PHED 129a Aerobics (1 unit)
Description: Aerobic exercise focusing on cardiorespiratory endurance encompassing a variety of training methods such as high/low impact aerobics, body sculpting, circuit training and nutritional guidelines.
PHED 154a Soccer (1 unit)
Description: Development of basic skills for beginners, intermediate and advanced players; rules, positioning elements of play, small group and team tactics; full field scrimmages.
PHED 155 Golf (1 unit)
Description: Basic skills development and knowledge in stance, grip and swing mechanics; course strategy; use of woods, irons and putting; history, rules and etiquette.
PHED 160 Stress Management for Healthy Living (2 units)
Description: Instruction on the effects of stress as it relates to work, sport and academics; coping strategies are discussed and applied through physical conditioning interventions.
Policy, Planning, and Development
PPD 225 Public Policy and Management (4 units)
Description: Institutions, legal context, and processes of public policy and management. Contemporary theories of public policy formulation, implementation, and evaluation. Public managerial challenges and reforms.
PPD 227 Urban Planning and Development (4 units)
Description: Gateway to B.S., Public Policy, Management and Planning and minor in Planning and Development. City building and development process; who plans, politics of planning and development; major topics include land use, fiscal policy, transportation, sustainability, and economic development.
PPD 230 Introduction to Health Policy and Management (4 units)
Description: Gateway to the minor in Health Policy and Management and the Health Care Policy and Management track of the B.S., Public Policy and Management. Institutions and processes affecting health care policy and the management of health care delivery in the United States; historical and philosophical roots; access and quality issues; responsiveness to public needs.
PPD 250m Third World Cities (4 units)
Description: Gateway to the B.S., Planning and Development. The transition from traditional to modern cities in the developing world. Primacy and dualism; comparative urbanism as an expression of cultural variation; contrast in Western cities.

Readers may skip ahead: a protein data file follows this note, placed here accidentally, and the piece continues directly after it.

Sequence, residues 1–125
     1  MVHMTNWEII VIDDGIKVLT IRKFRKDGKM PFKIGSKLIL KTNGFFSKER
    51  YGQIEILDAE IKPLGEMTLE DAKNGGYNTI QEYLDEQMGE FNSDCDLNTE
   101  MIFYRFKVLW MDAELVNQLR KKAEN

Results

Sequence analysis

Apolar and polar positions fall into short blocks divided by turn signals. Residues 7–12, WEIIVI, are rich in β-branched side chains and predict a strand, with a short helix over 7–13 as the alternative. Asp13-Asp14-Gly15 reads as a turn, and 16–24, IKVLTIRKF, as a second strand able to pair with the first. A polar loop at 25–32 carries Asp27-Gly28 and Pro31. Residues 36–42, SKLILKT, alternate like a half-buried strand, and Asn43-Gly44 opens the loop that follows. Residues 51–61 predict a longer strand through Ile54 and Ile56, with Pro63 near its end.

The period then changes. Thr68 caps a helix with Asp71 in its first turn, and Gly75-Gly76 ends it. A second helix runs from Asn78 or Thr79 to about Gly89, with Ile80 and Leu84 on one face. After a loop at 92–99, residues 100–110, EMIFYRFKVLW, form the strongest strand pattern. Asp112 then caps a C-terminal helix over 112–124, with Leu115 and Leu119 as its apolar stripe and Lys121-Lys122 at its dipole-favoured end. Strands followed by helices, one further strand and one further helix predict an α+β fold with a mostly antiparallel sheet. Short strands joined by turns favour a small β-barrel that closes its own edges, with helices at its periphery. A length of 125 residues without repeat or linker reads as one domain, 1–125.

PPD 371 The Nonprofit Sector and the Public Interest (4 units)
Description: Theories of the voluntary nonprofit sector in society and its relationship to government and business; public policies toward the sector.
POSC 100 Theory and Practice of American Democracy (4 units)
Description: Theoretical, institutional, and functional aspects of American national, state, and local government and politics; contemporary issues. Recommended for freshmen and sophomores.
POSC 120 Comparative Politics (4 units)
Description: Gateway to the major in political science. Comparative analysis of political institutions and processes in selected industrial, developing and socialist countries, in terms of contrasting ideologies, parties, elites, and economies.
POSC 130g Law, Politics and Public Policy (4 units)
Description: Interaction between law and politics; overview of the American legal system; value conflicts and public policy questions which arise within it. Concurrent enrollment: WRIT 140.
POSC 220g Critical Issues in American Politics (4 units)
Description: Examination of enduring political issues, as well as the political processes and institutions. Concurrent enrollment: WRIT 140.
POSC 340 Constitutional Law (4 units)
Description: Development of constitutional law by the courts; leading cases bearing on major constitutional issues; the federal system; powers of government; civil liberties.
POSC 345 International Law (4 units)
Description: Nature, origin, and development of international law; basic principles analyzed and illustrated with cases.
POSC 366 Terrorism and Genocide (4 units)
Description: Comparative analysis of the determinants of political violence, terrorism, and genocide and their social and moral consequences; application of theories to contemporary case studies.
POSC 395 Directed Governmental and Political Leadership Internship (2, 3, 4, 5, 6, 7, 8 units)
Description: Intensive experience in governmental and political offices. Minimum time requirement; evaluation by office and intern report required.
THTR 124ax Character Acting (2 units)
Description: Concentration of imaginative processes which develop the individual characteristics of a dramatic role.
THTR 222 Stage Make-up (2 units)
Description: Principles of stage make-up materials and skills allowing the actors to enhance their features and techniques for moderate and extreme aging, injuries, and character roles.
THTR 421 Effective Oral Presentation (2 units)
Description: Developing and practicing performance skills necessary to give an effective oral presentation.